Regulators Focus on Commodity Derivatives

Terry Flanagan

IOSCO report lays out principles for combat market manipulation and enhance price discovery.

The International Organization of Securities Commissions (IOSCO) has published a report on principles for the regulation and supervision of commodity derivatives markets.

The report, prepared by the Task Force on Commodity Futures Markets, addresses the G20’s November 2010 request for further work on regulation and supervision of physical commodity derivatives markets.

The principles themselves are high-level standards, supported by detailed explanatory background information on how regulators can apply them in their respective jurisdictions.

They address design of physical commodity derivatives contracts; surveillance of commodity derivatives markets, including monitoring large positions; and enhancing price discovery and transparency, including allowing regulators to impose position limits and the reporting of OTC derivatives to trade repositories.

While not yet approved by IOSCO’s Technical Committee, the Task Force may also recommend development of detailed recommendations on large trader reporting requirements and market surveillance practices.

Under the SEC’s large trader reporting rule, large traders, defined as anyone whose trades equal or exceed two million shares or 20 million during any calendar day, will be required to identify themselves to the SEC and their broker-dealers will be required to monitor their transactions under a large trader reporting regime.

The rule will enable the agency to efficiently identify significant market participants and collect data on their trading activity so it can reconstruct market events, conduct investigations, and bring enforcement actions.

The CFTC has proposed anti-manipulation and anti-fraud rules issued by the CFTC under the Dodd-Frank Act.
The rules are based on a proposed interpretive order issued by the CFTC in May that provides guidance on disruptive practices enumerated under Dodd-Frank, such as violating bids and offers, demonstrating intentional or reckless disregard of the orderly execution of transactions during the closing period, or spoofing, i.e., bidding or offering with the intent to cancel before execution.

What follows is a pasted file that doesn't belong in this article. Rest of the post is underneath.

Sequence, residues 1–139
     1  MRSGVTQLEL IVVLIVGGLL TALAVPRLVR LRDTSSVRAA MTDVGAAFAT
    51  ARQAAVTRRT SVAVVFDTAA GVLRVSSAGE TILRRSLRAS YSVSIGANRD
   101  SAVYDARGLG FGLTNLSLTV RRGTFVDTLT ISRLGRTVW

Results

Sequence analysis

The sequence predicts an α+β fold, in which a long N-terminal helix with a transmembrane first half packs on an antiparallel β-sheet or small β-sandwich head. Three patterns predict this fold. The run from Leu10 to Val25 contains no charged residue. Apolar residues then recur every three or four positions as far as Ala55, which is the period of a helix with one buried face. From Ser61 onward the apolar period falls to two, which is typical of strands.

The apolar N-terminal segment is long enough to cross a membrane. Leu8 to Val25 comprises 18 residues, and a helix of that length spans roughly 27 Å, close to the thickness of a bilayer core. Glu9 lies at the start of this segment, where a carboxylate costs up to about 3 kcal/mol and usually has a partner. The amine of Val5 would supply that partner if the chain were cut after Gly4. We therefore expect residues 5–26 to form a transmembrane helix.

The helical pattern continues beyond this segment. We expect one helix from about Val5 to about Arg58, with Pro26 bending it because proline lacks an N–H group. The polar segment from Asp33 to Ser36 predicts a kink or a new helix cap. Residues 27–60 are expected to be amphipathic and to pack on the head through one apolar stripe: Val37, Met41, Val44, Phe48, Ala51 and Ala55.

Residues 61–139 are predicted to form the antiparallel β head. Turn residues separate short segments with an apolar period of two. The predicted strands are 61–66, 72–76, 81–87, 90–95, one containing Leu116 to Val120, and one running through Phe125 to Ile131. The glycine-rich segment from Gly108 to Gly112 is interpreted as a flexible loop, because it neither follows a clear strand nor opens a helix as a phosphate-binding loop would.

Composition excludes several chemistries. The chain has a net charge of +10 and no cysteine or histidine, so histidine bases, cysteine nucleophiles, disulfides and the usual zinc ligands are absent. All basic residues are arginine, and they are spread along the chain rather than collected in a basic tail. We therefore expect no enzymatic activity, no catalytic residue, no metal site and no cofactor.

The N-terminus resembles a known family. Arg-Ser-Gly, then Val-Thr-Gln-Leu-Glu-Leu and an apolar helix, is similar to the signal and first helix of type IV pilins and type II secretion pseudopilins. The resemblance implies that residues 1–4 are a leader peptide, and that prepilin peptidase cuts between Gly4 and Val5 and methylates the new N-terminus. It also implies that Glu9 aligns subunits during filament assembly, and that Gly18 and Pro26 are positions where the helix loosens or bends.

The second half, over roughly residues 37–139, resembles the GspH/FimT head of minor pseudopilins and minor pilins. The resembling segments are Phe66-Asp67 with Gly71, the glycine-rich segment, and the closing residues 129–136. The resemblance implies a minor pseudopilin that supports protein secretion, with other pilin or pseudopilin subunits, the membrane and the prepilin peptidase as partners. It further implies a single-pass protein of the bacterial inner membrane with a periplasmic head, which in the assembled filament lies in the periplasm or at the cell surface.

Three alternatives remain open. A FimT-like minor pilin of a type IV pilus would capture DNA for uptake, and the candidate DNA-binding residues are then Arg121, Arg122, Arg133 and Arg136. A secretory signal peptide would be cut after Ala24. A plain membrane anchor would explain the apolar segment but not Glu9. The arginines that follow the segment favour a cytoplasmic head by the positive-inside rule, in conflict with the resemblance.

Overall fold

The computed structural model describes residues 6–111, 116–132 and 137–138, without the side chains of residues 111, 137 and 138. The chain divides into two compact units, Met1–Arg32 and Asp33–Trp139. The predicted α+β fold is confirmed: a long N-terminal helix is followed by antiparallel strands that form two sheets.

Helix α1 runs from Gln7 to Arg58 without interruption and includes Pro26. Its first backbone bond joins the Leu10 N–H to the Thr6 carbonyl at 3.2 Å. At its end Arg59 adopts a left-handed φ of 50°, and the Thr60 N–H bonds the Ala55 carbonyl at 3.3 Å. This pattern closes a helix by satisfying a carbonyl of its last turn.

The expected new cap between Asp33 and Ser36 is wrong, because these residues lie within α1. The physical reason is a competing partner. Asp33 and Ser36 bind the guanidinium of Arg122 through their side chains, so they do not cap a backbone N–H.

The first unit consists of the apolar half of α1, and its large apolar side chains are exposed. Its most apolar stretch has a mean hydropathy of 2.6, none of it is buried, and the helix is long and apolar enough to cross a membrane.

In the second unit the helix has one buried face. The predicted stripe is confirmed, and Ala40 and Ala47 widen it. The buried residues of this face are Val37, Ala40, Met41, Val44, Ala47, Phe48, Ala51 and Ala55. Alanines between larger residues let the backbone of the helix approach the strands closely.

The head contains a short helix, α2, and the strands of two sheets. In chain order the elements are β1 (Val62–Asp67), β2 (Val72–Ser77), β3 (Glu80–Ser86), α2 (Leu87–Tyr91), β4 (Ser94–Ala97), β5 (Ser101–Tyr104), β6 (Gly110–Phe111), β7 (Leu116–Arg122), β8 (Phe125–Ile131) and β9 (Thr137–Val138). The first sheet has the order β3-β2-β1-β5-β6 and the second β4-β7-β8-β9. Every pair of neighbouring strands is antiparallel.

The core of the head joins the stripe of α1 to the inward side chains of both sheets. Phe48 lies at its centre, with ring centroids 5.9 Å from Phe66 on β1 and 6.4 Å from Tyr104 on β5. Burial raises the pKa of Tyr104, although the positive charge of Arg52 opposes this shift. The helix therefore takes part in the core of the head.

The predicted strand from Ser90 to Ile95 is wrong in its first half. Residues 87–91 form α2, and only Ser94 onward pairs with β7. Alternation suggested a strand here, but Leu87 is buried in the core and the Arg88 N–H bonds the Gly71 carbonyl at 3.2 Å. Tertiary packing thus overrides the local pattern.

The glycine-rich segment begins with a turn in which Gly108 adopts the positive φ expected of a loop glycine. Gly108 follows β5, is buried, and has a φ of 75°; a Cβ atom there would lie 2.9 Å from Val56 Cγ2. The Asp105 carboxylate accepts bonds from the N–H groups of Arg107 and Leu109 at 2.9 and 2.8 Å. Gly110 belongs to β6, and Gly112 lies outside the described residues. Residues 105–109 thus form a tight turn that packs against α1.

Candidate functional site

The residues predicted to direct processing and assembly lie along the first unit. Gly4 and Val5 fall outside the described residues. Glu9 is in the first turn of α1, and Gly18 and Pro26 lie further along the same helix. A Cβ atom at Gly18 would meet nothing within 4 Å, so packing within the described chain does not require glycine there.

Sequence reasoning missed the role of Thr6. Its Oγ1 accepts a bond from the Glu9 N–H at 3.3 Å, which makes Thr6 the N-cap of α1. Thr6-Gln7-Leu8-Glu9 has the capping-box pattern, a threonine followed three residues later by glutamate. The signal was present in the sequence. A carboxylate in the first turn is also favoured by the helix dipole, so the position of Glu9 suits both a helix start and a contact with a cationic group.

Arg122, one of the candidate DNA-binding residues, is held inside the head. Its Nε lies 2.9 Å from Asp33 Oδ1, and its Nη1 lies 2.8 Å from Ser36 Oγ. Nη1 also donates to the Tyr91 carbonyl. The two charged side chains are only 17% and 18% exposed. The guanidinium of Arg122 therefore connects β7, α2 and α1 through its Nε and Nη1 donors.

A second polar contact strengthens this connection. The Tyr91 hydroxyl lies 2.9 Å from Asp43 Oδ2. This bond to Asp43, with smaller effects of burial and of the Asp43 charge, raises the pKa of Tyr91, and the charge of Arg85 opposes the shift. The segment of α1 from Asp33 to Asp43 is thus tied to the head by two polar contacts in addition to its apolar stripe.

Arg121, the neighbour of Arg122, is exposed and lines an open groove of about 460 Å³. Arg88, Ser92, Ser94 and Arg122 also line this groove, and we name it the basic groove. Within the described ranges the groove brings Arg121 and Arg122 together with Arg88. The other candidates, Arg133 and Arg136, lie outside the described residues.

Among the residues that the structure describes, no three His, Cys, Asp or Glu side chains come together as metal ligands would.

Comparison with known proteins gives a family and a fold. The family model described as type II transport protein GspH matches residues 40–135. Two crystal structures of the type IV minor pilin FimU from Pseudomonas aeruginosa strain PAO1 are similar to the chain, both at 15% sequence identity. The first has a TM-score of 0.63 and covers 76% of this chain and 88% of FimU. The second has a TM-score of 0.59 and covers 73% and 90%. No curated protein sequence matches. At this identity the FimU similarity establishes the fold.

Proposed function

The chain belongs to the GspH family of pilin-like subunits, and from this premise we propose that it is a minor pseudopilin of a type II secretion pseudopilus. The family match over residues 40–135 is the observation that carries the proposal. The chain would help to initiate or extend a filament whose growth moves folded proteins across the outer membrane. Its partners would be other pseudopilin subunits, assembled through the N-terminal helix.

The need for regulators to have better access to information on these entities is heightened by the fact that large traders, including high-frequency traders, are playing an increasingly prominent role in the securities markets.

The principles are aimed at ensuring a globally consistent approach to the oversight of commodity derivatives markets, which will deliver effective supervision, combats market manipulation and improves price transparency.

The principles update and add to the guidance in the 1997 Tokyo Communiqué, which set benchmarks for contract design, market surveillance and information sharing for physical commodity derivatives markets.

They are primarily intended to apply to exchange-traded futures contracts, futures contracts, options, and options referenced to a physical commodity, index or price series which may settle in cash or by physical delivery, although many of the principles will also be applicable to OTC markets.

In developing these principles the Task Force have added to the areas of guidance in the Tokyo Communiqué to take account of their experiences and to respond to contemporary trends in commodity derivatives markets.
These trends include the scale, speed and cross-border nature of trading on  markets; novel forms of market abuse; investors focus on commodities as an asset class and the impact of new investor classes and futures trading on physical commodity prices; the rapidly evolving regulation of OTC derivatives markets; and regulation of market participants.

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